Club Habana: Sharing Cuban jazz and culture

The Vancouver Latin American Cultural Centre (VLACC) presents Club Habana: An Evening of Cuban Jazz at the Vancouver Playhouse (Nov. 4). The event run by artistic director Danais Yera brings together, among others, trumpetist Miguelito Valdés and Grammy-award-winning saxophonist Alfred Thompson for a musical evening of Cuban and jazz music fusion.

Miguelito Valdés, Cuban jazz trumpetist.| Photo courtesy of Miguelito Valdés.

Miguelito Valdés, Cuban jazz trumpetist.| Photo courtesy of Miguelito Valdés.

Miguelito Valdés knew he wanted to pursue music since he was eleven, having played hand percussion earlier than that. However, the music school he went to didn’t teach the percussion proficiency classes he wanted to attend, so instead he took up the trumpet, figuring he’d transition back to hand percussion whenever he could.

While he has since gained more hand drumming experience, Valdés, now 42, has been playing traditional Cuban trumpet and Cuban jazz music for more than 30 years, and has practised more traditional jazz since moving to Vancouver in 2006.

“I came to Canada as a young guy from Cuba, so I did know a little bit of jazz,” says Valdés. “But my understanding of it was not very deep. But when I came to Canada I started to play the real deal, the really traditional jazz that I didn’t do that much in Cuba.”

Valdés first came to the attention of the Vancouver Latin American Cultural Centre in 2015 when asked to perform for the event “Afro-Cuban Dimensions.” Valdés says while that show was more deeply rooted in Afro-Cuban culture, employing jazz in the upcoming perfomance is by no means a cultural compromise.

“This is more like jazz, but it’s going to be jazz the way we [Cubans] play jazz. It’s not going to be like anybody else playing jazz,” says Valdés.

He says Cuban jazz is not so much a blend of jazz music and Cuban music as it is jazz from a Cuban frame of reference.

“When we say Latin jazz, on top of all the Cuban sounds and instruments, it’s the way we interpret rhythm,” says Valdés.

While he notes his recent traditional jazz studies in Canada play a part in how he approaches a performance, returning to a more Latin-influenced style is far from a challenge.

“The show is going to have a bit of both, as I’ve been influenced by traditional jazz,” says Valdés. “But once we start playing that Cuban music, it’s gonna go that way. But it’s for sure gonna be a bit of both worlds.”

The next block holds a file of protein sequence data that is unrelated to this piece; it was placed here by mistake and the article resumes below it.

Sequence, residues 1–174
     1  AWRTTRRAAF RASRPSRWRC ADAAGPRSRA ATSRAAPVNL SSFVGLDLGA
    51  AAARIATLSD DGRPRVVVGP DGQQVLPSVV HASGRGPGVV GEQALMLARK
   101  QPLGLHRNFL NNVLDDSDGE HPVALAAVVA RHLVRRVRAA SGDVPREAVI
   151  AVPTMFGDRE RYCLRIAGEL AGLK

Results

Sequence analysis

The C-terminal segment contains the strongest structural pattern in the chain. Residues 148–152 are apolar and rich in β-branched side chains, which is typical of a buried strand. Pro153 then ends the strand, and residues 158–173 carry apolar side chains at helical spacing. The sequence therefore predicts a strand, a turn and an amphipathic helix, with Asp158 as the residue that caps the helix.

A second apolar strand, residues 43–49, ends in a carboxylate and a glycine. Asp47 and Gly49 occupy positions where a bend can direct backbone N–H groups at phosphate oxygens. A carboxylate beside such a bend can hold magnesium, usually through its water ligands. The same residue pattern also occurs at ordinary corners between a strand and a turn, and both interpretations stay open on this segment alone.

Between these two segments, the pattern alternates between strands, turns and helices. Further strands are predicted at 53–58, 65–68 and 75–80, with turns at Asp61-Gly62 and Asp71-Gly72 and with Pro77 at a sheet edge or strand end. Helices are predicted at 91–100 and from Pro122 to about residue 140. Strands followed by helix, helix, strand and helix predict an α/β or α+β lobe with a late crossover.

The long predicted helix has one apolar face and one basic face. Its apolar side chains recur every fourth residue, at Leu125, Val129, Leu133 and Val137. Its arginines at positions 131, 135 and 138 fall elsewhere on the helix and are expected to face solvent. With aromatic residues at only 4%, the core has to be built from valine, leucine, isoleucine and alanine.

Sharing and celebrating Cuban culture

Danais Yera, Artistic Director of the Vancouver Latin American Cultural Centre.| Photo by Chris Brown.

Danais Yera, Artistic Director of the Vancouver Latin American Cultural Centre.| Photo by Chris Brown.

Along with Latin jazz hand-drumming, clave percussive instrumentation and a different rhythmic basis than typical Western music, Valdés says much of the Cuban aspect of the performance lies in its emotion and feeling.

“I hope people take out a lot of feelings,” says Valdés. “In Cuban music, we express the way we feel a lot. We’re really happy people, but we have suffering as well. But I want to express living, and you can see that in music.”

For Danais Yera, artistic director at the VLACC, it’s important the events the Centre puts on have a purpose. For this event, it means celebrating and engaging with a dynamic Cuban culture through music.

“The goal of putting on this show is to connect the audience with Cuban culture by presenting an incredible collaboration among several generations of Cuban musicians,” says Yera.

Yera notes the event is not only about celebrating Cuban art, but also a means of bringing Latin American artists together to create a growing presence of Cuban art in Vancouver.

“We believe that building a solid bridge between artists from Latin America (those who live in Latin America) and Latin American artists (who live in Canada) is a means to satisfy the growing curiosity among Canadians audiences for Latin American arts and culture,” says Yera.

The show, says Yera, is both for people who want to engage more with their own Cuban culture as well as those who want to learn more.

“I hope to see people who haven’t listen[ed to] Cuban music in their entire life, as well as Cuban music lovers,” says Yera. “I would like [for the show] to share some pieces of Cuban culture; a vast culture that is evolving and transforming the way we look at the musical scene and the world.”


For more information on the VLACC and the event, visit